A growing number of users are checking http://www.ncwastetrader.org regularly to find great deals on materials and to find cost-effective outlets for their discards. A sample of the materials successfully exchanged on NC WasteTrader include:
- 28,771 lbs. of polyester
- 30 office cubicles
- 15 cubic yards continuous supply of rubber dust
- One ton (50 lb. bags) of hexamine
- 300 corrugated drums
- 8,000 super sacks
- 100 cubic feet of Styrofoam peanuts
- Office telephone system
NC WasteTrader can be another vital tool in your organization's ability to manage waste materials. In addition to the opportunity to reach thousands of other users with your material needs and wants, NC WasteTrader gives you access to many other non-regulatory, technical assistance services from the Division of Pollution Prevention and Environmental Assistance. Check out this easy, cost-free program at http://www.ncwastetrader.org. If you have any questions about NC WasteTrader, please call Tom Rhodes at (919) 715-6516, or Ron Still at (919) 715-6520.
Environmental Resource Center also hosts a waste exchange on our web site. To participate, visit http://www.ercweb.com/forum/toast.asp and click on "Waste Exchange."
Phosphorous Manufacturer Fined $18 million for RCRA Violations
Rhodia, Inc., of Cranbury, N.J., former operating company of an elemental phosphorus manufacturing plant in Silver Bow, Mont., was sentenced on April 29 for its conviction on two felony counts of violating the Resource Conservation and Recovery Act. Rhodia will pay a $16.2 million fine and an additional $1.8 million in restitution to the Montana Department of Environmental Quality. The company must also serve five years probation, which could be extended if site clean-up is not completed.
Rhodia manufactured elemental phosphorus at the Silver Bow plant from 1986 until its closure in 1996. In its previous guilty plea, Rhodia admitted that from Jan. 1999 until Aug. 2000, it illegally stored carbon brick and precipitator dust contaminated with elemental phosphorus waste at the closed plant. Rhodia also admitted that following plant closure, it illegally stored elemental phosphorus sludge at the site in a large concrete tank.
Waste elemental phosphorus is highly reactive, can ignite when exposed to air and presents a significant risk to human health and the environment. The case was investigated by the Denver Area Office of EPA's Criminal Investigation Division and the Montana Department of Environmental Quality with the assistance of EPA's National Enforcement Investigations Center, and with legal and technical assistance provided by EPA Region 8's offices in Denver and Helena, Mont. It was prosecuted by the U.S. Attorney's Office in Missoula.
1,000 Plants Nationwide Show Progress in Controlling Human Exposure and Groundwater Contamination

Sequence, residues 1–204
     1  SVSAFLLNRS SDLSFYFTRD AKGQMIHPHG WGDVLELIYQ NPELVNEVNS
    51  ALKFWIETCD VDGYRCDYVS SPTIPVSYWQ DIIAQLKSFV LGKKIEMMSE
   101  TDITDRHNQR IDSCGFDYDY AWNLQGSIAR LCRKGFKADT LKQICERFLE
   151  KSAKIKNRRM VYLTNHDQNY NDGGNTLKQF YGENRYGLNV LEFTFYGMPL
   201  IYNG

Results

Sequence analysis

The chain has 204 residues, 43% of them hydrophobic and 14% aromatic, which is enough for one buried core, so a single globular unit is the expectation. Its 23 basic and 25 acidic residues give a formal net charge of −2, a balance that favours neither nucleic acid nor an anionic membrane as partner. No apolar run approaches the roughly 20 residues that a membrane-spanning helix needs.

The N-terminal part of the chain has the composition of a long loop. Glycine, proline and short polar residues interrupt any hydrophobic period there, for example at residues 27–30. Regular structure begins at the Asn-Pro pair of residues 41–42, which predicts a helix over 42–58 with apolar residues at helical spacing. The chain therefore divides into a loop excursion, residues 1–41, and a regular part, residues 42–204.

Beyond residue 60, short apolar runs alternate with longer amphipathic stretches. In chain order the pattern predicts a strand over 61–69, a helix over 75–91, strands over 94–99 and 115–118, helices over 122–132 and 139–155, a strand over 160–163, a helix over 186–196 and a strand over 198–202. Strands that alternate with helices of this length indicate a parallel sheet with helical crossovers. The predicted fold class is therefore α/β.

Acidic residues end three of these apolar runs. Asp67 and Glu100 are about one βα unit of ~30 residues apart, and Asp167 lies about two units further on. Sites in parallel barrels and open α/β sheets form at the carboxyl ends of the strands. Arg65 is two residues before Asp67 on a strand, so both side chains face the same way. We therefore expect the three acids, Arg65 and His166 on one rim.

A Dow Chemical La Porte, Texas plant on May 4 became the 1000th facility to achieve EPA's environmental progress indicators for controlling both: (1) human exposure to environmental risks from waste, and (2) migration of contaminated groundwater. The indicators measure realistic, achievable cleanup goals that are protective of human health and the environment based on site-specific conditions at a facility. They complement EPA long-term waste cleanups by setting time-specific benchmarks for preventing releases of contaminants at these sites.
To date, 74 percent of 1714 EPA-designated high priority RCRA Corrective Action facilities have met the current goal for human exposure and 63 percent met the current goal for groundwater. EPA has a 2005 goal of controlling human exposure at 95 percent and groundwater at 70 percent of high priority facilities.
The Dow La Porte facility is a chemical manufacturing facility producing plastics, synthetic resins and industrial organic chemicals such as phosgene. It has an operating plan in place to ensure that no off-site human exposures are occurring and on-site exposures are adequately addressed through on-site worker health and safety programs. Dow also has plumes of ground water with contaminants such as chlorobenzene and aniline, but recovery efforts since 1989 have diminished both their size and concentration.
The environmental indicators initiative takes place under the auspices of EPA's Corrective Action program, which holds owners and operators of treatment,storage and disposal facilities responsible for investigating and cleaning up soil, ground water, surface water and air releases from their waste sites, regardless of when the releases occurred. Corrective Action, in turn, is authorized by the Congressional Resource Conservation and Recovery Act (RCRA), which gives EPA authority to control the generation, transportation, treatment, storage and disposal of hazardous waste. RCRA can be an effective tool in preventing future Superfund sites. More information about EPA's Environmental Indicators initiative is available at http://www.epa.gov/correctiveaction/eis.htm.